The amazing rise of companies like Google shows the power of big data and its ability to transform not only the world of business, but the world as a whole. While big data has its skeptics, who say that big data is a fad that cannot possibly deliver on its overblown promise, the more likely reality is that the value of big data is, in fact, being underestimated. Big data—particularly for businesses and especially for marketing departments—is poised to have a profound and far-reaching impact on commerce and shareholder value. As it did for Eratosthenes, as it did for Copernicus, and as it may be doing for your company today, data will reveal the underlying truth of the world for those willing to work to see it.

Evidence that big data is much more than hype is undeniable. Big data has impacted everything from sports to politics. Case in point: even as Mitt Romney was climbing the national polls after triumphing in his first debate with President Obama during the 2012 election campaigns, Nate Silver predicted an Obama victory. Silver, a big data practitioner in baseball before he moved on to politics, stuck to his guns—and to his data. He relied on the data he blended from analyzing myriad polls. In the end, the Republicans used data to predict the result they wanted, while Silver looked more deeply into the data to predict the result that actually happened—down to the specific electoral vote count and a victory for Barack Obama.

While Nate Silver used data to accurately predict the election outcome, Dan Siroker, now the CEO of Optimizely, used data to make that outcome actually happen.

Siroker was a Google employee when he saw then-candidate Obama speak to executives at the company in 2007. Obama spoke about bringing Silicon Valley's digital and data expertise to government. Siroker was impressed. “I decided after the talk to fly to Chicago two weeks later, signed up as a volunteer, and eventually turned that into a job as the director of analytics for the Obama campaign,” he said.

At Google, Siroker was an advocate of A/B testing—a process that pits different variables in landing pages, e-mail subject lines, or display ads against each other to determine which are the most effective. He brought this expertise to the Obama campaign. “I was tasked with figuring out how to use data to help make better decisions,” Siroker said, “and it naturally led to website optimization and A/B testing.”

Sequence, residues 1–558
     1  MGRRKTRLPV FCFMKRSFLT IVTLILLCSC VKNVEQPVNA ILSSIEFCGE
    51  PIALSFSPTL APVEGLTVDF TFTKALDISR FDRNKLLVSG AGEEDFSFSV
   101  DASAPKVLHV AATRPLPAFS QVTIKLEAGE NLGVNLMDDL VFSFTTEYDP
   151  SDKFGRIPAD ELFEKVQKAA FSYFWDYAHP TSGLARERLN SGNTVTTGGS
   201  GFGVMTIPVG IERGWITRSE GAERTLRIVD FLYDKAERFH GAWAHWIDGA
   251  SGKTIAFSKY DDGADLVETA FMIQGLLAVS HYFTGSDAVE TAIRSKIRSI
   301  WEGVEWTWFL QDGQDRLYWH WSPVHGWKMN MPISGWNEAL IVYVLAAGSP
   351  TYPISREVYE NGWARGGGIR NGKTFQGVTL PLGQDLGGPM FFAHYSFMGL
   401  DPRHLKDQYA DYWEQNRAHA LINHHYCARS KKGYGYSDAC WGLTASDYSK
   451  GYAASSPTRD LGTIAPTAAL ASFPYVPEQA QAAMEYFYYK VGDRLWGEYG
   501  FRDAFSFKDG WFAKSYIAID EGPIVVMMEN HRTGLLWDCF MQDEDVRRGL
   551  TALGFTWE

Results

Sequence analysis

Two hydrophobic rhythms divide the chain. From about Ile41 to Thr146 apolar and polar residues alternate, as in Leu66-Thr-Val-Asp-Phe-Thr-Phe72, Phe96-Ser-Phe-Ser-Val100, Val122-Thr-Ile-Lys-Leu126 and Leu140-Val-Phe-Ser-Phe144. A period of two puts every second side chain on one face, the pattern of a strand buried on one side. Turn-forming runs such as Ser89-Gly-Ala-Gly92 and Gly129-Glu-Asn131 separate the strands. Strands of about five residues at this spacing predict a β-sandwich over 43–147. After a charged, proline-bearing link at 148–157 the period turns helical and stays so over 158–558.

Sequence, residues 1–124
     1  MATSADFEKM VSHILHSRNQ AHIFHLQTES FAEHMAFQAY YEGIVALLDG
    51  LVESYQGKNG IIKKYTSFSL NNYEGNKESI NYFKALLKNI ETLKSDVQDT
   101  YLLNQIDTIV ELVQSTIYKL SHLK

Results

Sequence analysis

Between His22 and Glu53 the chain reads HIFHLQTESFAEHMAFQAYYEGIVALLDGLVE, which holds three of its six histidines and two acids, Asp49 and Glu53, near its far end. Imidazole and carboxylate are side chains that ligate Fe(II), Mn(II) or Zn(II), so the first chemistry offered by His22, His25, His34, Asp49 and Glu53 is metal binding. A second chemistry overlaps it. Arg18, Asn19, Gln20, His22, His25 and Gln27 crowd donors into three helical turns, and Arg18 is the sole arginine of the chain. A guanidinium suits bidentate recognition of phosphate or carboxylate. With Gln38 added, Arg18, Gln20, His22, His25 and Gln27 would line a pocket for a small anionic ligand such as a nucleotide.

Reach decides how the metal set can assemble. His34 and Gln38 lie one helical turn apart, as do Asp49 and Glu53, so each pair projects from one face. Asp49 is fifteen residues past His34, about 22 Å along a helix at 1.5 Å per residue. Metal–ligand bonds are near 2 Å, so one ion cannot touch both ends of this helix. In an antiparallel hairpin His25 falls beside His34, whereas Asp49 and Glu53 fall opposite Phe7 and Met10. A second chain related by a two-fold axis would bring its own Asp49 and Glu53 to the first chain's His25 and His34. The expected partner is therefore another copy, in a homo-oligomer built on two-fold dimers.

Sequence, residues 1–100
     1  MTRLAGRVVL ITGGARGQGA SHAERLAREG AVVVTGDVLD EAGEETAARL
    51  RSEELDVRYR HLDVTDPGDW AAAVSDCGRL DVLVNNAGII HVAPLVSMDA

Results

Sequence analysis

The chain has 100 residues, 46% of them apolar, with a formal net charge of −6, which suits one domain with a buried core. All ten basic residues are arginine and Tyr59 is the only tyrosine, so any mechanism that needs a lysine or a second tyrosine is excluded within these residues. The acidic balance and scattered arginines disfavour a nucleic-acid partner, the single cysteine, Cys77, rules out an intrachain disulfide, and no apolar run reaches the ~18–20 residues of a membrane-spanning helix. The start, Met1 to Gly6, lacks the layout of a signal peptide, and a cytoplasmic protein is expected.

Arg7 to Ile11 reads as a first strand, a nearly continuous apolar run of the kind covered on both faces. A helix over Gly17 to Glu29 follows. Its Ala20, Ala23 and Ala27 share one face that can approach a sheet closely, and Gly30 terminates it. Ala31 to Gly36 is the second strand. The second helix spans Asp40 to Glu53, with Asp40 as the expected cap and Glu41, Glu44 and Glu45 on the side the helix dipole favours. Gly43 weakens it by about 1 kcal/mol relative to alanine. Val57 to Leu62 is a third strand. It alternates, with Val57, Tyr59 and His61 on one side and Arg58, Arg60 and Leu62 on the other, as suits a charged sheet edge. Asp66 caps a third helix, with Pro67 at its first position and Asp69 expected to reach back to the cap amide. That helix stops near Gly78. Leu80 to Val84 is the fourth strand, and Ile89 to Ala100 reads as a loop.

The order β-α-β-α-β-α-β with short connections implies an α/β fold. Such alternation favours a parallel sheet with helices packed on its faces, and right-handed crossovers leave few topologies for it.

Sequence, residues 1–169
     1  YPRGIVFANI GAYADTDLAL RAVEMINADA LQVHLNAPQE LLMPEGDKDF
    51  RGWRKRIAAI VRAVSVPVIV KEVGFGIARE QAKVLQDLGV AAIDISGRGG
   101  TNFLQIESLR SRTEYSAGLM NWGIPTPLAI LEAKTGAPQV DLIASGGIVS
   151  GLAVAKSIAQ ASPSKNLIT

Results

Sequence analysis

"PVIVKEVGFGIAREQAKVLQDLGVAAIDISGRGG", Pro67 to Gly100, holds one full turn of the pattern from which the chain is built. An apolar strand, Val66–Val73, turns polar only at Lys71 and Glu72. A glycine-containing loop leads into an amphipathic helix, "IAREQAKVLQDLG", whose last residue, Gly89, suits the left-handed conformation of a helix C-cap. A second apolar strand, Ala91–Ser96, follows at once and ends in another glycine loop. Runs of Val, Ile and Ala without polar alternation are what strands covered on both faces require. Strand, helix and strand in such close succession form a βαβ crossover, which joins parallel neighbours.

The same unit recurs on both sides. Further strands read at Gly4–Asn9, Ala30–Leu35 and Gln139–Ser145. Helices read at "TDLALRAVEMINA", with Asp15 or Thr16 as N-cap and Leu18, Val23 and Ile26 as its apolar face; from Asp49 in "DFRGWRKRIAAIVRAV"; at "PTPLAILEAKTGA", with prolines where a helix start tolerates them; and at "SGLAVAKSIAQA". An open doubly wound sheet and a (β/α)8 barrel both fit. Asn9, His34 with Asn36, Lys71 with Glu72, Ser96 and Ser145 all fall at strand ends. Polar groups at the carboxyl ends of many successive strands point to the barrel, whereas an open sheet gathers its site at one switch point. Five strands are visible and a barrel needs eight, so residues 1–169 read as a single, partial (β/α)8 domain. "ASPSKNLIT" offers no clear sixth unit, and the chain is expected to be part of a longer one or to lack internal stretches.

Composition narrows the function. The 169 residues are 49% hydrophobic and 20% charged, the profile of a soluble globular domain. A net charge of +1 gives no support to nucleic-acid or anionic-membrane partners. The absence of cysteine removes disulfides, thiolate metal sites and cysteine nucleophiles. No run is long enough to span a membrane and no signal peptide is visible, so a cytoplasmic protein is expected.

He said the Obama campaign had to experiment by taking advantage of data and technology, because it had no choice. “They were third behind John Edwards and Hillary Clinton,” he said. “They were forced to say, ‘If we do the same thing every other campaign does, we'll end up like how everyone else thinks we're going to end up—which is third.’ And so they said, ‘Take risks.’”

In a blog post for Optimizely, Siroker explained how a series of A/B tests, which certainly don't seem so risky in retrospect, helped the 2008 Obama campaign raise an additional $60 million. On the campaign's website splash page, Siroker and his team tested six main visuals (three videos and three photographs) and four different calls to action (CTAs) (“join us now,” “sign up now,” “sign up,” and “learn more”). The campaign tested a matrix of 24 combinations—all the potential permutations of images and CTAs.

Siroker wrote in the blog post that his team was convinced that a short inspirational video would win. The campaign tested each combination, judging them on the number of visitors who supplied e-mail addresses. The test analyzed the results of more than 300,000 visitors, which meant that each of the 24 permutations was viewed by about 12,500 people on average.

The results? The combination of the “learn more” CTA and a photo of the candidate with his wife and children posted the best performance. That combination resulted in 11.6 percent of visitors sharing their e-mail addresses compared with just 8.26 percent as the average. That meant the winning combination delivered a 40.6 percent improvement over the other combinations.